Light as Mist, Heavy as Hope
“My daughter,” breathed Miller, “my daughter can spin gold out of straw.”
This sudden boast struck his fellow-drinkers as interesting, if stupid. Miller had a tendency to open his mouth unwisely when ale had passed his lips. The bragging was, however, astonishingly egregious. Their king, after all, finding himself in something of a hole, financially speaking, was wont to do anything to refill the kingdom’s coffers. Those with wiser minds shook their heads; Miller was asking for trouble.
The Taverner, sensing the man was finely balanced between merely making noise and starting a fight, thought it best to send him on his way. He heaved Miller to his feet. The odour of flour that clung to the man crept into the Taverner’s nostrils. It was the smell of his profession, of his world; had he been asked, Miller would have denied the existence of any smell. Miller swayed, peered at the Taverner, and raised his voice so that all in the tavern could hear. “My Alice can spin gold from straw,” he bellowed.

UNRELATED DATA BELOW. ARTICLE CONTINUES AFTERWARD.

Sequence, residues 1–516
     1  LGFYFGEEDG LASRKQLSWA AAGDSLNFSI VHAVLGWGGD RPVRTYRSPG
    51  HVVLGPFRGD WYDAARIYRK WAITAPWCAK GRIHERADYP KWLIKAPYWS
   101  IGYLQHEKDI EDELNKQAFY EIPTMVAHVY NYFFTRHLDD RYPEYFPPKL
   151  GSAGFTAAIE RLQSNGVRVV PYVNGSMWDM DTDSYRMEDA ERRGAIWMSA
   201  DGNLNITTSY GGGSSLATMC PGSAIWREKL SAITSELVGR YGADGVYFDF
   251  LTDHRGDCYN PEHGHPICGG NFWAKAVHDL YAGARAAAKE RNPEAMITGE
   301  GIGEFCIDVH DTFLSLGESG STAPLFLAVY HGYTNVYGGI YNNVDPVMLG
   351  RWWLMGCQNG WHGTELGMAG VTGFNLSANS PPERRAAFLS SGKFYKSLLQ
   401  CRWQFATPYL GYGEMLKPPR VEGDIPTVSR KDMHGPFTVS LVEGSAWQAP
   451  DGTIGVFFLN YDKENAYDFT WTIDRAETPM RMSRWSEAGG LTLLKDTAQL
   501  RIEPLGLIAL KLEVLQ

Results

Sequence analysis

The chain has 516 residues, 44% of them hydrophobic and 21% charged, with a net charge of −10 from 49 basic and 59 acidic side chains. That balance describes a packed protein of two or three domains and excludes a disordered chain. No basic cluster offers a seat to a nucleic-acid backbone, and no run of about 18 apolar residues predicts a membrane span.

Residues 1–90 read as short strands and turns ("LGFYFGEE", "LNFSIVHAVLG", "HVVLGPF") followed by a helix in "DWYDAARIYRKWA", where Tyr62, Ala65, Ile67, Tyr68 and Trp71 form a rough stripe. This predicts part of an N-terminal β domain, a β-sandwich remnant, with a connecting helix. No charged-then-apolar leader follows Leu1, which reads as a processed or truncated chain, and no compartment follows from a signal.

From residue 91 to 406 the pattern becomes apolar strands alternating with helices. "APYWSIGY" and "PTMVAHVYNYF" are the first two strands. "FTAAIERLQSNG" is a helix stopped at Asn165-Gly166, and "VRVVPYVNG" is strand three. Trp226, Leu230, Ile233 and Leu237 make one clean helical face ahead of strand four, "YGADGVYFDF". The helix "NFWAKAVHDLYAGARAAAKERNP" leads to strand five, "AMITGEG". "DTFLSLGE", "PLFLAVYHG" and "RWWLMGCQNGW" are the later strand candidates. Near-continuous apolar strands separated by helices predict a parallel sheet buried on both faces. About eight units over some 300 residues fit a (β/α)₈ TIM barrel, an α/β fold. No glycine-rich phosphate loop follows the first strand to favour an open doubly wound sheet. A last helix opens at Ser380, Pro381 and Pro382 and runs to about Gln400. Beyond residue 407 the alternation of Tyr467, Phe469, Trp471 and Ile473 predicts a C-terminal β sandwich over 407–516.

Looking around, taking in the disbelieving looks with a bleary stare, he began to mutter. “A good girl, my Alice. Good, beautiful, industrious. Better than her bitch of a mother. ”
Noticing the three soldiers in the corner, the Taverner propped one shoulder under Miller’s arm and maneuvered the sot away. He felt eyes upon his back and sensed danger.
He sensed danger, too, in the way Miller spoke of his daughter’s beauty. The Taverner suspected when Miller got that look he was somehow confusing Alice with her dead mother in the most base of manners. Sometimes he feared for the girl; most of the time he decided she was her father’s property, like all daughters. And Alice was smart. She could take care of herself.
Miller stumbled into the night, muttering. A few moments after the door swung shut, a soldier detached himself from the huddle in the corner and approached the Taverner …